Drawing a parallel between aesthetics and functionality for design protection
28 February 2022
Drawing a parallel between aesthetics and functionality for design protection
Like many counties in the world, India has a strong law for protecting aesthetic creations by way of design registration. The design law protects aesthetic creations and not the functionality. There is often a misconception regarding the eligibility of articles or products for design registration that have utility and functionality. However, there is no barrier for registering designs for articles that are aesthetically appealing and at the same time performing a function. It is, therefore, essential to understand the difference in aesthetic and functional aspects of an article or product and their interplay while exploring the possibilities of design protection.
Legislative position in India
According to Section 2(a) of the Indian Designs Act, 2000, ‘Article’ means any article of manufacture and any substance, artificial, or partly artificial and partly natural; and includes any part of an article capable of being made and sold separately.
According to Section 2(d) of the Designs Act, ‘Design’ means only the features of shape, configuration, pattern, ornament or composition of lines or colours applied to any article whether in two dimensional or three dimensional or in both forms, by any industrial process or means, whether manual, mechanical or chemical, separate or combined, which in the finished article appeal to and are judged solely by the eye; but does not include any mode or principle of construction or anything which is in substance a mere mechanical device.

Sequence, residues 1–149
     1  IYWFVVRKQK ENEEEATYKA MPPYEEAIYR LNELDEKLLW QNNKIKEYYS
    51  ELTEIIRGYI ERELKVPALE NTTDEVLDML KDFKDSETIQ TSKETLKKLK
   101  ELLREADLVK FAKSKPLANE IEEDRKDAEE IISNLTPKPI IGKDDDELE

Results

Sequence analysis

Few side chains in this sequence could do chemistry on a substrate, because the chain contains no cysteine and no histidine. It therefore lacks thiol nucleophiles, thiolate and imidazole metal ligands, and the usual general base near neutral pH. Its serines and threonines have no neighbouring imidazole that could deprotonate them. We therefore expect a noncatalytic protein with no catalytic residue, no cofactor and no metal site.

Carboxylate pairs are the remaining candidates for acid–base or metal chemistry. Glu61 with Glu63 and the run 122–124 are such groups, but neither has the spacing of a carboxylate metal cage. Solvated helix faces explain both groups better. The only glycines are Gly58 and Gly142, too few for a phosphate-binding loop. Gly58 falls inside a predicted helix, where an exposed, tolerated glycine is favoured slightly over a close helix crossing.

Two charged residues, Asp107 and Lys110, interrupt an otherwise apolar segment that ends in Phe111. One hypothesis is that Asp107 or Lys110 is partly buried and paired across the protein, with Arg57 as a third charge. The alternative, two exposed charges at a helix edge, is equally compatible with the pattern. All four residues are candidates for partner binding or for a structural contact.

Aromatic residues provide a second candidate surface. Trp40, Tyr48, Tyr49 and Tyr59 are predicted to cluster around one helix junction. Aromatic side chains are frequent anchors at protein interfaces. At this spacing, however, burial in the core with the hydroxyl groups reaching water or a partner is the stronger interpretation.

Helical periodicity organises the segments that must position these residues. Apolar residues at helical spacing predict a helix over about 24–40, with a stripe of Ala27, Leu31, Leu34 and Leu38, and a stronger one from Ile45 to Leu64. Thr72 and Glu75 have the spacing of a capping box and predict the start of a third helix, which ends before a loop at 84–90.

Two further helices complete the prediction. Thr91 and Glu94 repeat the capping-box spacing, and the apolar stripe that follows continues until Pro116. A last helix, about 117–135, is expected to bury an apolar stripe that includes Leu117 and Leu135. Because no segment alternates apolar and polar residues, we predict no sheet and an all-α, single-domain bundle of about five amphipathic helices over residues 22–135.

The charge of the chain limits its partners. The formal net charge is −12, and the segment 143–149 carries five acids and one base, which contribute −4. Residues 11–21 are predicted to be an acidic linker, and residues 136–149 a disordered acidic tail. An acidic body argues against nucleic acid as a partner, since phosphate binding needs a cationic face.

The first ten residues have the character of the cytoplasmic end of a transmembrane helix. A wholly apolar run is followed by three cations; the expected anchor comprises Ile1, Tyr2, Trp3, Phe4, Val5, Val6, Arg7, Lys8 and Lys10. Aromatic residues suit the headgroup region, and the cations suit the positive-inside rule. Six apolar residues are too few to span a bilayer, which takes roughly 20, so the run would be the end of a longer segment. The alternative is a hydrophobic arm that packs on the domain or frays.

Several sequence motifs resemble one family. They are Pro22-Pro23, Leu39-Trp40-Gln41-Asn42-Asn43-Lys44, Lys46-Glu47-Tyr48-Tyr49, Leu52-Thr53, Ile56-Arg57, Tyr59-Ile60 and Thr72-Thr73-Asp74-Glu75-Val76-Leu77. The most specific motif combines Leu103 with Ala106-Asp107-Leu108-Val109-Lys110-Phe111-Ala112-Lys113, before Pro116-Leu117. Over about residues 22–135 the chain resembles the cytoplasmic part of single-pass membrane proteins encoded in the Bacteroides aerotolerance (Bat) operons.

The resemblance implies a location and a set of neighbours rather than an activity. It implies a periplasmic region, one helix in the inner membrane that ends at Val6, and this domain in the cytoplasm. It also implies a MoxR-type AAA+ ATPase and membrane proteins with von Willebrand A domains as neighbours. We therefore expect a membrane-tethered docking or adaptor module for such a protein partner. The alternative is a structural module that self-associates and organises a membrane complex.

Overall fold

The phrase, ‘judged solely by the eye’ is a characteristic feature of design registrations. The phrase essentially means that the design should be aesthetically appealing – a test for registration in every application for registration.
Legislative position in other jurisdictions
The United States design law provides that an article dictated primarily by functionality with no ornamental value is not a proper statutory subject matter for design registration. Also, a design with no unique or distinctive shape or appearance and dictated solely by the functionality is not proper subject matter for design registration.
In Europe, community design cannot subsist in features of appearance of a product which are solely dictated by its technical function.
In Australia, a design can be registrable if the article includes shape and/or configuration features yet serve a functional purpose.
In Russia, ‘industrial design patent’ is the term used to denote protection of the visual appearance of industrial or handicraft articles. Further, Russian law rules out eligibility for design protection specially in a case if all features visual, are defined exclusively by the technical function of the article.